Alex Phillimore: (alex.phillimore-deleteme[at]-deleteme-direman [dot] com) 2014-07-25 06:42:48
Ba da ba ba ba, I'm lovin'...Resident Evil 4
You know that a game is good when it plays as well today as the day you first laid your hands on it. There are plenty of games that don't stand the test of time, but then there are some that are so well-made and paced that they still stand up under scrutiny in 2014. When Resident Evil 4 first launched on the GameCube in 2005 it was the critical darling of everyone's affections - journalists and gamers alike loved it. It revolutionised not only the Resident Evil franchise but also the third person shooter genre as well; now over-the-shoulder is a commonality in games and I highly doubt The Last of Us would exist if Resi 4 hadn't come before it.
I was on holiday with my girlfriend last week and, as you do, we started playing through Resident Evil 4 again, mainly to satisfy our mutual bloodlust for killing zombies without having to go first-person. While Resi 6 is utterly awful and Resi 5 is only half-enjoyable (let down by some terribly irritating sections and boss battles), it amazed me while playing through 4 just how well it still plays today.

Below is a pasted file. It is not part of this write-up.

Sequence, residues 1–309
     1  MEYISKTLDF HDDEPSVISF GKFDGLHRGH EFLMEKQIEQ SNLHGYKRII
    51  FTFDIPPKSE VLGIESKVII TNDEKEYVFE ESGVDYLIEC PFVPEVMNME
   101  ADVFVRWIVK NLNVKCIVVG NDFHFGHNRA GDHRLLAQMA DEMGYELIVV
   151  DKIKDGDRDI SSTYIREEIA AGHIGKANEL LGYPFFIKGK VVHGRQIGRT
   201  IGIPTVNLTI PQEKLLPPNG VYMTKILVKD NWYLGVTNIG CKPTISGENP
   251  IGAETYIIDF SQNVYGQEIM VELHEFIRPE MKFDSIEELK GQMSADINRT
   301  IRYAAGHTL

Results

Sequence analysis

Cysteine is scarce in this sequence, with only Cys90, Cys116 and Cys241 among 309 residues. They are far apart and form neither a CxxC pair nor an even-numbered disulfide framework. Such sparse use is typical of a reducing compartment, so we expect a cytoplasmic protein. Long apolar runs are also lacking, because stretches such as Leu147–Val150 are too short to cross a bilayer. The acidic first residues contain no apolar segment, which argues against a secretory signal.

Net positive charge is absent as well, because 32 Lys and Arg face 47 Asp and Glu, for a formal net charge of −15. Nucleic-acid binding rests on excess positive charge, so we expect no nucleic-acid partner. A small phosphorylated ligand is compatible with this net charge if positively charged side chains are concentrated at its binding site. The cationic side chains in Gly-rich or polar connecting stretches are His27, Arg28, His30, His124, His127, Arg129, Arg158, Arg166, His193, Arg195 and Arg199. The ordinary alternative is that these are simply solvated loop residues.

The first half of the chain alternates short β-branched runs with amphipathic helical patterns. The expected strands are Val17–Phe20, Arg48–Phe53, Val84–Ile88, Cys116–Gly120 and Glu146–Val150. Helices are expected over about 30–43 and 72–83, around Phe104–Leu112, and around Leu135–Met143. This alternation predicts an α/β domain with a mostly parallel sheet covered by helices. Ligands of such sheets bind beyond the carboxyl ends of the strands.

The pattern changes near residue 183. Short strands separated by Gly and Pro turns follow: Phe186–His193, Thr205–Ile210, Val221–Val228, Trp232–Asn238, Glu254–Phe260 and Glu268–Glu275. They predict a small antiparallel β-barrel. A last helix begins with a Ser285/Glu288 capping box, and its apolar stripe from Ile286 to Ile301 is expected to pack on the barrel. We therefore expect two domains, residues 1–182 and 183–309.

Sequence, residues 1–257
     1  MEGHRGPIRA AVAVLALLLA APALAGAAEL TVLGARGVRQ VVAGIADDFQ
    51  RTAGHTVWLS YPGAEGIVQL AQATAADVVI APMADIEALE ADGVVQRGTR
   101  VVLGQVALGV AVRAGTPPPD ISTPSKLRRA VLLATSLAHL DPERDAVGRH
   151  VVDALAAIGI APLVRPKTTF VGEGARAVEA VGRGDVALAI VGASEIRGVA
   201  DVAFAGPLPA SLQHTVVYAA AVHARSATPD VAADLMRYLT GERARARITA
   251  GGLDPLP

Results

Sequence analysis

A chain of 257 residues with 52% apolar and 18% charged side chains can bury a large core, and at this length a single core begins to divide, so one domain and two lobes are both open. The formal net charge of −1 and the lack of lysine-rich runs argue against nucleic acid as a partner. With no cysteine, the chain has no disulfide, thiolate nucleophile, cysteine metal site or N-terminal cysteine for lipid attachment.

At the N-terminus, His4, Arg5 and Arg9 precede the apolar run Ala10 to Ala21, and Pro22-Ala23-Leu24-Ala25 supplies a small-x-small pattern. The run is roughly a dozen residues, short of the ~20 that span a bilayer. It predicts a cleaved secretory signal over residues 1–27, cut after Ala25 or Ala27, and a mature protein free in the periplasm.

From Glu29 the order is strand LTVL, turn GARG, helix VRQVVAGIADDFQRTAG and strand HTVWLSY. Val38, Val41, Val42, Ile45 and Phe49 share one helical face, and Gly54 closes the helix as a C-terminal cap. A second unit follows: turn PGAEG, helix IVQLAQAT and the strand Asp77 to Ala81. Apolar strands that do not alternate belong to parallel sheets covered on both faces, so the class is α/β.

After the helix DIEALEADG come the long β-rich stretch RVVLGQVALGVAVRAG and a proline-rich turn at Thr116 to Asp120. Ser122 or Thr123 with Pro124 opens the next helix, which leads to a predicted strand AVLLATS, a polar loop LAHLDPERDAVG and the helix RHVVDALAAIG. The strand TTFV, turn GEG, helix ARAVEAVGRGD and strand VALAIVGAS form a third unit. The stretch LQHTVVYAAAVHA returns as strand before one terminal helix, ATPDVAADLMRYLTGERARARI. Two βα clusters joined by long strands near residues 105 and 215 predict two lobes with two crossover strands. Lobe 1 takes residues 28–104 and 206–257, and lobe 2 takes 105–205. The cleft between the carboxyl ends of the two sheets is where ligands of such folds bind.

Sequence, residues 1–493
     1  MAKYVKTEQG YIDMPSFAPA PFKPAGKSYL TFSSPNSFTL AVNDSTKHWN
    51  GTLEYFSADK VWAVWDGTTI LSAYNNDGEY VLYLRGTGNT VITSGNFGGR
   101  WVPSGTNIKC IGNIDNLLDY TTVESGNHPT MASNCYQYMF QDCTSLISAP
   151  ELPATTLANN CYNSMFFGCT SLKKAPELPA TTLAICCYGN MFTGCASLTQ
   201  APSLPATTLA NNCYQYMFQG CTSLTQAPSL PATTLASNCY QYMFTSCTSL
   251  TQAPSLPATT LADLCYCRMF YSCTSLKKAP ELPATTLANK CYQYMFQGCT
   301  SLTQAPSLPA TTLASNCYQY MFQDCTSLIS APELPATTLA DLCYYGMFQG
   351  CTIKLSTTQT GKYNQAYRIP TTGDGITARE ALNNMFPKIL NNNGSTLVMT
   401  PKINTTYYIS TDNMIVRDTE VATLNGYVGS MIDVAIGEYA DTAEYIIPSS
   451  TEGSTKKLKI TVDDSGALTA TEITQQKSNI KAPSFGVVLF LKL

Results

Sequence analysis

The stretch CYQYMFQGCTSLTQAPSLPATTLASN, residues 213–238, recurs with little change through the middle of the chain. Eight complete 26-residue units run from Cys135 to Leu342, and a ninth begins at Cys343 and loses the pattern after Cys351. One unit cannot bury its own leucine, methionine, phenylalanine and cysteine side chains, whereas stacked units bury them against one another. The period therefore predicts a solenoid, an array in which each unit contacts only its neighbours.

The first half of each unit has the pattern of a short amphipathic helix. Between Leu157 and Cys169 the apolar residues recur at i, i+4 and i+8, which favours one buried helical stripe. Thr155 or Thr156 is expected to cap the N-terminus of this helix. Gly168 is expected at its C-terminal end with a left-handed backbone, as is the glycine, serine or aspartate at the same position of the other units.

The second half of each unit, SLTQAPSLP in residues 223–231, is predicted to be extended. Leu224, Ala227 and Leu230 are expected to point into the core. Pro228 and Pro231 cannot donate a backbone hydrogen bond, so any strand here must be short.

The pacing is top-notch - every location introduces a new challenge to overcome, whether it be from getting trapped in a cage with an enraged one-hit-kill Wolverine impersonator; an enemy strategically positioned with a rocket launcher; or a mine cart section where an endless stream of enemies leap down onto you. Items and ammo are scattered about perfectly; you rarely have enough healing items to be considered safe, but you scarcely find yourself in a position where you're so utterly screwed that you don't want to continue. Everything is balanced with a timeless precision.
The enemies are still immensely satisfying to take down - headshots make you squirm a bit in your seat and popping kneecaps in order to run up and deliver a roundhouse kick is something that I believe will never get old. The storyline is the most coherent and engaging Resident Evil has ever come out with, containing just the right amount of cheese to still feel like part of the series. In the HD update there are various unlockables and extras that make the game worth playing through a second or third time as well - a rare feat for a 15-20 hour single player game.
A few design choices are slightly antiquated, including the inability to map weapons to button commands and enemies that spawn out of nowhere occasionally when a scripted event demands it, but these are tiny and insignificant indiscretions in a game that is full of excellent design choices and memorable situations. When it released, I firmly believed that Resident Evil 4 was one of the greatest single player video games ever made - and it is comforting to know that I stand by this assessment almost a decade later.